WHAT HAPPENED AT BRADDOCK'S FIELD?
On July 9, 1755, General Edward Braddock, leading an army comprised of British regulars and Colonial recruits, was enroute to capture Fort Duquesne, at the mouth of the Ohio River. Braddock's army, consisting of approximately 2000 officers and men (about 500 of whom were colonials) was in the final stage of a difficult 110 mile march from Fort Cumberland, Maryland. A sizable number of wagoneers and aides de camp accompanied the army, along with more than 40 women.
After twice crossing the Monogahela River, Braddock's troops encountered opposition consisting of approximately 650 Indians and 250 French and Canadians who had rushed out from Fort Duquesne to engage Braddock's forces enroute to the Fort.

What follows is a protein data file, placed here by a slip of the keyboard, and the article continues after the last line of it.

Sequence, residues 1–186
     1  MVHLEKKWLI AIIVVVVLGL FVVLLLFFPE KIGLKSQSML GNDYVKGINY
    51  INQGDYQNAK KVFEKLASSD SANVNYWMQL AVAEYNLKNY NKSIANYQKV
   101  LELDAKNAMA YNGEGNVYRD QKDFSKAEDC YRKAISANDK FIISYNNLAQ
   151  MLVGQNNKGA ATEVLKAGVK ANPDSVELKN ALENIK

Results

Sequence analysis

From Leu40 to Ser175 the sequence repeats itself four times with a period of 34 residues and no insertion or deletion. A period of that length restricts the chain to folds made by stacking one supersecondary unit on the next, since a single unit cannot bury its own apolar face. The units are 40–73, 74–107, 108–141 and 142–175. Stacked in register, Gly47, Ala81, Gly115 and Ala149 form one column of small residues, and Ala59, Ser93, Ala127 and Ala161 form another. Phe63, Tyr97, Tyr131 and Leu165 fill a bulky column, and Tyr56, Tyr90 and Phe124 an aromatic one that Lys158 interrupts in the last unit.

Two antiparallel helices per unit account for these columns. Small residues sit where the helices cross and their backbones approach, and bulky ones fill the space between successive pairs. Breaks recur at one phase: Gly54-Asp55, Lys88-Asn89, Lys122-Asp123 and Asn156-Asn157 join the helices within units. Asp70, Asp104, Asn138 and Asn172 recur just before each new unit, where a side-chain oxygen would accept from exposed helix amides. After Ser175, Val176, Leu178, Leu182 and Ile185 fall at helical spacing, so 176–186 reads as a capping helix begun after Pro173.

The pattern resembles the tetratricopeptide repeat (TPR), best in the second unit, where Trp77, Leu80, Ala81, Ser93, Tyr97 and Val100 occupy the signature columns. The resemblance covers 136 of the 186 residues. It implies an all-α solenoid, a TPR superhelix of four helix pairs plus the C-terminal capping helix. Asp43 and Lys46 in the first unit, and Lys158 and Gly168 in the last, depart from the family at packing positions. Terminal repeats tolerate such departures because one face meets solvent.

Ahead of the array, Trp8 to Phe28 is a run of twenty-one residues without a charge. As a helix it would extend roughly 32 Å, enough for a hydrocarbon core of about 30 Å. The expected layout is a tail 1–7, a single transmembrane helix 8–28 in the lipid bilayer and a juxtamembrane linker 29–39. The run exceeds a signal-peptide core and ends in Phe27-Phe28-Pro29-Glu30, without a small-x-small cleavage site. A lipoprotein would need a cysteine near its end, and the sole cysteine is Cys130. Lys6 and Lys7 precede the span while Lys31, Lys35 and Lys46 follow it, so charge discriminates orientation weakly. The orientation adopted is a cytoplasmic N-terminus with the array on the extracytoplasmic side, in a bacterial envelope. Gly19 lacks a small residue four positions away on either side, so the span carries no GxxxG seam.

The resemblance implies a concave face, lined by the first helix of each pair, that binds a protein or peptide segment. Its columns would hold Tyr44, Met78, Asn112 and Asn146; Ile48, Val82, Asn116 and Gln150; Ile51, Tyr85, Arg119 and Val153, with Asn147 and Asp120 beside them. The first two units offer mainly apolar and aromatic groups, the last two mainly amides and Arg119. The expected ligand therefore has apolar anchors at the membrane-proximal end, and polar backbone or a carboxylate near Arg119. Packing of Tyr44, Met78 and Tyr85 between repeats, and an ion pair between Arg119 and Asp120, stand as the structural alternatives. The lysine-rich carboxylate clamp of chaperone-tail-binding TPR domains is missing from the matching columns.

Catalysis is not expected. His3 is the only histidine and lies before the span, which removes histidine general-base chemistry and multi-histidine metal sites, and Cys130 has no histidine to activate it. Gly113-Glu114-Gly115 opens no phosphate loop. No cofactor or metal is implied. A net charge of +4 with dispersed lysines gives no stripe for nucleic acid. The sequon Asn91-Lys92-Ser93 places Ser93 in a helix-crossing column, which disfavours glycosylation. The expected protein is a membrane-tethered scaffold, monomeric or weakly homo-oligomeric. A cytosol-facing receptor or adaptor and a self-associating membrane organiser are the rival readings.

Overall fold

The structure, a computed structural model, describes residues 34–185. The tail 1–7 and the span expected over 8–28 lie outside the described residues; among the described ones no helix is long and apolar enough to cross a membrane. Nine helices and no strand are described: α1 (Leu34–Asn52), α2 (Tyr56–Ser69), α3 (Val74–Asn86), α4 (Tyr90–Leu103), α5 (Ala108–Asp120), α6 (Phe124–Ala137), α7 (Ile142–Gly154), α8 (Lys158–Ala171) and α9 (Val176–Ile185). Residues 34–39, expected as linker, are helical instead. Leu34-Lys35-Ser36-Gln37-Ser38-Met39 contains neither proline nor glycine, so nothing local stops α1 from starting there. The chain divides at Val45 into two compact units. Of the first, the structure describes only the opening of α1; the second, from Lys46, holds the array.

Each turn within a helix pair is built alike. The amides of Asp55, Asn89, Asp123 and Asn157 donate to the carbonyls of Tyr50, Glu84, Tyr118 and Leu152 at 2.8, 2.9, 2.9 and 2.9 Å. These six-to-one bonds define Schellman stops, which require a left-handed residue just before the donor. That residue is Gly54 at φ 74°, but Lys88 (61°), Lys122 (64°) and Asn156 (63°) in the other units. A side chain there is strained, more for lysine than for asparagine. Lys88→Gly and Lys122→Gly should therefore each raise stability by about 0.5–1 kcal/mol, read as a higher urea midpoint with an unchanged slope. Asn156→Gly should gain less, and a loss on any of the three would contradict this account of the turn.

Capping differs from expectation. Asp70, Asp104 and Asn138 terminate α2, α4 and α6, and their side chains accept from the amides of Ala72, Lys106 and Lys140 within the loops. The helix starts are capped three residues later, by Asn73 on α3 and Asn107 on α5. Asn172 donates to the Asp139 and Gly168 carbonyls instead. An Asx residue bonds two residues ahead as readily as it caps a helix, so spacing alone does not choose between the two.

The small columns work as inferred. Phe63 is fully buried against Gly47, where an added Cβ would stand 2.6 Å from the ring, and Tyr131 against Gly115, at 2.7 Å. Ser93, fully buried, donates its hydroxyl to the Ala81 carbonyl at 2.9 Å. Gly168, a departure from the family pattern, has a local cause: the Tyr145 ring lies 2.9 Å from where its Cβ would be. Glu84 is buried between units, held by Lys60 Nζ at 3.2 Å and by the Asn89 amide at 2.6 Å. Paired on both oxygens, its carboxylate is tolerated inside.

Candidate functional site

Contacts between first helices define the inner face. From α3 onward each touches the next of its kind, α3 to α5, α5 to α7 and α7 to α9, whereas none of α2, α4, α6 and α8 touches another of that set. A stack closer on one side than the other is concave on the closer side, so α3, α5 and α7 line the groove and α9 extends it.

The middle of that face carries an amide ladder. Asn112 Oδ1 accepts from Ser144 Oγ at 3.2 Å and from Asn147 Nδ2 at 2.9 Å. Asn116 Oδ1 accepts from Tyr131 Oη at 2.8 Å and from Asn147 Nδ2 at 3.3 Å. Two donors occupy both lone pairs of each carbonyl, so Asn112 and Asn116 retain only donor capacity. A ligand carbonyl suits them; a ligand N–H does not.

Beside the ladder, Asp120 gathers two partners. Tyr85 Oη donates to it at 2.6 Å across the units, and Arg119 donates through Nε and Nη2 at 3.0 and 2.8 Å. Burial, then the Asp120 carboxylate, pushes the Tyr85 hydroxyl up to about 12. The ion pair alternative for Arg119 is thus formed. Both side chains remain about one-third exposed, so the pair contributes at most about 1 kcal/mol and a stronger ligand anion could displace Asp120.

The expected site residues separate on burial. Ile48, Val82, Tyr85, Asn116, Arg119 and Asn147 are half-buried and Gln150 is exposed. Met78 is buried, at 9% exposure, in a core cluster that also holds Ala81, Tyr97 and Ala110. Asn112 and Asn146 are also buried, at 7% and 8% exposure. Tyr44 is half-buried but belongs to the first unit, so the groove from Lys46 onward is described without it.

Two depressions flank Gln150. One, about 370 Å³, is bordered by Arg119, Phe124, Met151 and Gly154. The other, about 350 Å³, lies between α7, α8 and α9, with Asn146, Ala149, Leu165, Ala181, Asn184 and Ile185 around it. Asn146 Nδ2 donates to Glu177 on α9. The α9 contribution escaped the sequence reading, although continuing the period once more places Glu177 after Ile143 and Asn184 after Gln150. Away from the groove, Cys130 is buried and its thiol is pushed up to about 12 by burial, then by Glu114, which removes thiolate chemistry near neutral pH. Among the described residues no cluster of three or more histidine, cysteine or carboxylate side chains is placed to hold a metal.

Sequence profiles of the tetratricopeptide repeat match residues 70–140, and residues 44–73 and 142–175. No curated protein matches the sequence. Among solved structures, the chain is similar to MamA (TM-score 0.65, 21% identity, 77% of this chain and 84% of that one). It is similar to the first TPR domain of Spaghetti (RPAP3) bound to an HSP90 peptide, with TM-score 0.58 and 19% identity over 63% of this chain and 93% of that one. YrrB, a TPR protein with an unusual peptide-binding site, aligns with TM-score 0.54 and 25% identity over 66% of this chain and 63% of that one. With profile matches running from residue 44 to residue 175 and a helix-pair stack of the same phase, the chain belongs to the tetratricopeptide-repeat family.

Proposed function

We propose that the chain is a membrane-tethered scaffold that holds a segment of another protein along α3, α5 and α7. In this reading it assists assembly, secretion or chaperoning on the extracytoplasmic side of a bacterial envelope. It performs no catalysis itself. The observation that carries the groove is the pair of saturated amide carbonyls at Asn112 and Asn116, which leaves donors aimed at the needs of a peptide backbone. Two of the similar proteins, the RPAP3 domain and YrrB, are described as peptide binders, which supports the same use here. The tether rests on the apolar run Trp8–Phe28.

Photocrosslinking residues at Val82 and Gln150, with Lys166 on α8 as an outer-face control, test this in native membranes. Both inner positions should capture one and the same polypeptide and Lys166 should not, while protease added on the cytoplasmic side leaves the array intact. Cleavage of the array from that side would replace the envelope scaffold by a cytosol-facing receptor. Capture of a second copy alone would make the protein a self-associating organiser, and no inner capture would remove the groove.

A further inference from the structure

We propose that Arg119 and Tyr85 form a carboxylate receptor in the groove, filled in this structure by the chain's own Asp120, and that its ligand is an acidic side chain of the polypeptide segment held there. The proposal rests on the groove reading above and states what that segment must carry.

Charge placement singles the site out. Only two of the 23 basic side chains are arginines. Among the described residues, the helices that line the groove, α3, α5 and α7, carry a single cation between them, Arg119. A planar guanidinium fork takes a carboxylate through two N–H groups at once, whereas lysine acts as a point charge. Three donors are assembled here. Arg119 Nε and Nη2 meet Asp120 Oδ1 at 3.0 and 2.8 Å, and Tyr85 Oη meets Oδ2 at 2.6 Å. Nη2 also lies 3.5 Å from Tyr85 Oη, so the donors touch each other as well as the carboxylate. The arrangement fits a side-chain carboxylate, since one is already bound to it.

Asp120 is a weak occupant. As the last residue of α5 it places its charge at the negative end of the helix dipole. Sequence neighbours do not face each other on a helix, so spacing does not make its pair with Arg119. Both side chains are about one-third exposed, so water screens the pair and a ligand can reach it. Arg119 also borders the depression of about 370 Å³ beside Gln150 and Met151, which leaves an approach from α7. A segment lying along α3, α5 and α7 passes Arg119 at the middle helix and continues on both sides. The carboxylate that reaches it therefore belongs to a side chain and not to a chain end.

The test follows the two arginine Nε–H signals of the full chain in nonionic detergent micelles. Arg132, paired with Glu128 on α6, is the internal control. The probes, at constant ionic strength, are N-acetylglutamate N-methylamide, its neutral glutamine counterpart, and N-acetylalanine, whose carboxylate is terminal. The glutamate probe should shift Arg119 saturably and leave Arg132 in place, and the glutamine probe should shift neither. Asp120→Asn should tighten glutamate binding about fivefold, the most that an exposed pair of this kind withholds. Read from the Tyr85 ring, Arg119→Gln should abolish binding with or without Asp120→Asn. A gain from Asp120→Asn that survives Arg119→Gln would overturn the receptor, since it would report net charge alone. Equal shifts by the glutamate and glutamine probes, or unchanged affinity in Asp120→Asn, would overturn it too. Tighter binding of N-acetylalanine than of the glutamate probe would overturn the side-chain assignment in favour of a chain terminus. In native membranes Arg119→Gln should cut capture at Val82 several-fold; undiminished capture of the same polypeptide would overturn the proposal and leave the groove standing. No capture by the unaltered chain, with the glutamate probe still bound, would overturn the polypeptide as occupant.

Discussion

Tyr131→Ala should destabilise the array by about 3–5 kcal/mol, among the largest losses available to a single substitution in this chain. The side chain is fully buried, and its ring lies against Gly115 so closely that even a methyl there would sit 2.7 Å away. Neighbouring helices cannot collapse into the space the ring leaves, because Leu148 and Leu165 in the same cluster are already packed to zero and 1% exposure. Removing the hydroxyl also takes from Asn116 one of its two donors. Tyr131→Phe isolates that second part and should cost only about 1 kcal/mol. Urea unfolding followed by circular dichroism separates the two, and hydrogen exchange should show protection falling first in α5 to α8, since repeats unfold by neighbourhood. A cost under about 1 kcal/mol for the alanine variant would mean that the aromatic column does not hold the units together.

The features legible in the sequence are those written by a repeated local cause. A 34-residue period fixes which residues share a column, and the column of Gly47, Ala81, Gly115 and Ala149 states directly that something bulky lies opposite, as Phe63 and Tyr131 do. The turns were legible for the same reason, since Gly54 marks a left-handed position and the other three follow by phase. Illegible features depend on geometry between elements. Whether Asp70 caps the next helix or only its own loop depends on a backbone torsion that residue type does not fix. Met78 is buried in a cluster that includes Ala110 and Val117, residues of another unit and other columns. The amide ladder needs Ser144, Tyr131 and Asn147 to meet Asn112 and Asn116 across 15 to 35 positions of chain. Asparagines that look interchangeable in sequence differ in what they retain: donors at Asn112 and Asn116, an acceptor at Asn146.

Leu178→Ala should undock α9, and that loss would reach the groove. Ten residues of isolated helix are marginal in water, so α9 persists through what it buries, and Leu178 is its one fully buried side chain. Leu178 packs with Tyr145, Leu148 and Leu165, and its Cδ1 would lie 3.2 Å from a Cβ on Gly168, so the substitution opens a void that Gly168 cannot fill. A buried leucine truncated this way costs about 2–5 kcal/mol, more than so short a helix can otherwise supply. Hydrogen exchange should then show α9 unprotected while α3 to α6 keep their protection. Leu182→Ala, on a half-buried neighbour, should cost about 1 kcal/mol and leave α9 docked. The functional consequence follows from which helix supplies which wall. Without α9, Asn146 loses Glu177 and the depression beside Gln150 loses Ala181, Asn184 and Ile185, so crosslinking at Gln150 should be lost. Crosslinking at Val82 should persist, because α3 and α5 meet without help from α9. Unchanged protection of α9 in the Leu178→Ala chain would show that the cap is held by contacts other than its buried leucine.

A three hour battle ensued. The defeat of the British and colonial forces by the Indians and French shocked both the colonies and Europe. It was here that the legend of George Washington's leadership began and where colonials concluded they had overestimated the prowess of the British military. Both factors contributed to the American Revolution twenty years later. The alumni of Braddocks Expedition comprise a who's who of colonial history. Visit our Museum & Gallery and learn more.
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Maintained and updated by Lisa M. Lewis